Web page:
Sneak Peek: the Totem Project, Part 5 – in Glass
1st February 2013
In Spring 2012, after several months of attempting to cast the totem in glass, FireArt Glass in Portland was unable to create a successful version. The sheer volume of glass required to cast a totem of this size makes it not only difficult to manouver, but extremely volatile to cool evenly. The type of glass used at FireArt may also have been a factor in the instability of the totem.
In the summer, Preston then contacted Charles Parriott, a longtime friend and colleague with professional ties to the glass community in the Czech Republic, to take over as project manager. Almost immediately, we shipped the original wooden totem to the Czech Republic, where Art Fabrication Services EU set to work taking yet another mold from the totem.
They used a tested and approved method of casting monumental glass that was pioneered for massive pieces by Jaroslava Brychtová and Stanislav Libenský in the 1950s. They used a special kind of lead crystal to cast the totem, in a vivid light amber color, which would allow for the best light transmission and internal refraction. It would also be much less likely to form bubbles during cooling in the annealer, but this feature came at a cost: the totem sections would have to cool in the annealer for three months. During that time, the technicians would not be able to check on the sections to see if they had cooled correctly or exploded due to instability.
At the beginning of January 2013, Preston and Charlie traveled to Prague to see what those three anxious months of annealing would produce. What came out was better than they had imagined. The totem glows as if from within when lit, though it is solid and nearly 2 feet deep. The final size is over seven feet tall and it weighs 2,000 pounds.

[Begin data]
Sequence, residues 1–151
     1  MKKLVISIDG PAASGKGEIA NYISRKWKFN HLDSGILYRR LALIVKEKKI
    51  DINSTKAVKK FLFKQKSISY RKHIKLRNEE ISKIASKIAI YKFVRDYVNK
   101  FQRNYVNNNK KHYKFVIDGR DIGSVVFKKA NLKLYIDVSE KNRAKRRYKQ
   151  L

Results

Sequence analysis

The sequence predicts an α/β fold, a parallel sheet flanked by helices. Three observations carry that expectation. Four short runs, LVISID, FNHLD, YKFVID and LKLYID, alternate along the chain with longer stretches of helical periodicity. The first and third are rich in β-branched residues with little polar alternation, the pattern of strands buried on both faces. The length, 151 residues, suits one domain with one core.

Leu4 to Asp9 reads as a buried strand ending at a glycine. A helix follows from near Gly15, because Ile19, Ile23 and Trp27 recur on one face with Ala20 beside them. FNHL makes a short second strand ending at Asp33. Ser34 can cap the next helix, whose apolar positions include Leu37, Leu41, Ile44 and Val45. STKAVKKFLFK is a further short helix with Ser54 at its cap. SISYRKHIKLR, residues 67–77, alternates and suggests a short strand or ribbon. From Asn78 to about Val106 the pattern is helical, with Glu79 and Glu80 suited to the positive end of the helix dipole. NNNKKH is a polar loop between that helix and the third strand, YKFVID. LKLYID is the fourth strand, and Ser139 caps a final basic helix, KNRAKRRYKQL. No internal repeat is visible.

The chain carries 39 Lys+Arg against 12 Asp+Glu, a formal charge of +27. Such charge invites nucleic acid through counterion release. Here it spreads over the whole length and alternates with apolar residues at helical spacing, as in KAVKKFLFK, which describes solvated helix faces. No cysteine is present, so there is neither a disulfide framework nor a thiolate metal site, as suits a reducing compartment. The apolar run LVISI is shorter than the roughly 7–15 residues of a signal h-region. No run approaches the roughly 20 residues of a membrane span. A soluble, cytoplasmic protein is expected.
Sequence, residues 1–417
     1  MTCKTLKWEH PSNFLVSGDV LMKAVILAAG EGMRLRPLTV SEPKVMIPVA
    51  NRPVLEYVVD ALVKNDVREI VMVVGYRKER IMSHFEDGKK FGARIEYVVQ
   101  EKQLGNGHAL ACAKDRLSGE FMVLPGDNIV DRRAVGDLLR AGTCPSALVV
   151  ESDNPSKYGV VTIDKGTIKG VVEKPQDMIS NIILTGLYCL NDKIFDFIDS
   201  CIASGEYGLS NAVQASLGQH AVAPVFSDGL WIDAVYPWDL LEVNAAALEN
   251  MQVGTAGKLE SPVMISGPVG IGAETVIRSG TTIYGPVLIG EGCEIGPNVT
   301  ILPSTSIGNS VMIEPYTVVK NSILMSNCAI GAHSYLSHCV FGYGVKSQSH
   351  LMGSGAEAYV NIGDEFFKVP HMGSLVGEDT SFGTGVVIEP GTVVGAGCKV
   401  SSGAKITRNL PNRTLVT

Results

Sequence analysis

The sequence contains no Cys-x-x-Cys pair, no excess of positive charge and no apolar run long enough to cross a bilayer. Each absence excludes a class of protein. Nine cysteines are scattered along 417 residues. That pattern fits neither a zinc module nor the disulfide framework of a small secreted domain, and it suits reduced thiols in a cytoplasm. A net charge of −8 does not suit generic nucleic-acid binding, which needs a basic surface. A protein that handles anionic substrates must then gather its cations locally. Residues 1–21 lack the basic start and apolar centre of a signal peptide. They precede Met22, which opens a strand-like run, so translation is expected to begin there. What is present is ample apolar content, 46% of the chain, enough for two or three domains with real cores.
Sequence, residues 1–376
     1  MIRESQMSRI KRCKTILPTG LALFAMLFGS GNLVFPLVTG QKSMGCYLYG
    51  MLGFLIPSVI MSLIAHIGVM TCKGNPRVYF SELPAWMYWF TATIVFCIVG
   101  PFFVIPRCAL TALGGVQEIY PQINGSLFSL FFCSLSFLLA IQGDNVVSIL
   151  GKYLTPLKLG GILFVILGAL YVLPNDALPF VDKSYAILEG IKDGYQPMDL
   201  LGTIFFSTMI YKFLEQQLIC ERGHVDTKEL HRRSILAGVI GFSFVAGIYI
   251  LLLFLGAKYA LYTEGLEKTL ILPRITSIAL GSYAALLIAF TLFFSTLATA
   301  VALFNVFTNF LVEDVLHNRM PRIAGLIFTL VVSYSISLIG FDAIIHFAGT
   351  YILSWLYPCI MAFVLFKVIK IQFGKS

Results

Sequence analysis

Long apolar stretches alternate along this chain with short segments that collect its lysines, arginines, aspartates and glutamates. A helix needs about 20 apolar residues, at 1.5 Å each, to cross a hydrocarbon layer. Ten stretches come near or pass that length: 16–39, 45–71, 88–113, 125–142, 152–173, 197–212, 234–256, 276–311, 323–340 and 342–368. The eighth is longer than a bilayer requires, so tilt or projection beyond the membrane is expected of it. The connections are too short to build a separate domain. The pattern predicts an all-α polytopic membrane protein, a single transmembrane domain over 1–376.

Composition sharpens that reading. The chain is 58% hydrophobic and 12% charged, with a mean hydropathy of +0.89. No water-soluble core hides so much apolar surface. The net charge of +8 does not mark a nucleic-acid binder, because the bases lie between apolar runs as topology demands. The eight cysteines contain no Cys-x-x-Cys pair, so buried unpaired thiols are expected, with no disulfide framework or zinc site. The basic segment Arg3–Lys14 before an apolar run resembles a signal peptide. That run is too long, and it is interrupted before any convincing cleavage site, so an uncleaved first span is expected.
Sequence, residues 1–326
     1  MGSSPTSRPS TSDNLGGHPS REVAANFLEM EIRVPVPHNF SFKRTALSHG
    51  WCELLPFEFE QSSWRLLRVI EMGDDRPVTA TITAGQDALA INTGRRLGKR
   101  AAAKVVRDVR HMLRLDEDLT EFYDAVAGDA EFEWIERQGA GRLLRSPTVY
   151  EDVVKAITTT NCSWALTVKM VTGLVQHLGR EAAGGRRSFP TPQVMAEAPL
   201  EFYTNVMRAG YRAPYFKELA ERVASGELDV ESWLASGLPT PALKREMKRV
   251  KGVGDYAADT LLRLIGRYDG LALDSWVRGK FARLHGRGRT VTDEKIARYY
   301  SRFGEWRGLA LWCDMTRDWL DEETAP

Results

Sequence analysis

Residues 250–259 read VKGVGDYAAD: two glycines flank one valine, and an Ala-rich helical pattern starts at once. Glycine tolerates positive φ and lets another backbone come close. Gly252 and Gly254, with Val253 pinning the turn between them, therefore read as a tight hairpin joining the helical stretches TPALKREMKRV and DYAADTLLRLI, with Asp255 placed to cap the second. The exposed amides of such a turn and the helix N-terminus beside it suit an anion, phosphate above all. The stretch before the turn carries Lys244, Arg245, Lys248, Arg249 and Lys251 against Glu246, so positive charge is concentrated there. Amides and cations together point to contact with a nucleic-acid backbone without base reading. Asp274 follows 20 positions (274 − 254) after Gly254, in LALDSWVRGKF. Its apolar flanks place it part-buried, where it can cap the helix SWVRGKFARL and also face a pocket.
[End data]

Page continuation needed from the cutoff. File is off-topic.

The photos show the Czech technicians cleaning up the surface of the totem, to allow the original carving marks to be more prominent. They have spent the last 6 weeks completing the surface preparation and testing the glass for stress and structural integrity. The photo of the two top sections (the bear on the hat) show the variation in color that happens when the back of the totem section is hollowed out, as in a traditional carved totem. Preston has decided the richness of the color of the solid version is preferrable.
Yesterday, Preston and Charlie, along with Dante Marioni and our photographer Russell Johnson, flew back to the Czech Republic to give final approval for the totem and to visit other glass studios and schools. Preston will be speaking tomorrow at the Ajeto Art Glass Museum in Nový Bor.
When they return, we will have some wonderful photos by Russell Johnson to share with you!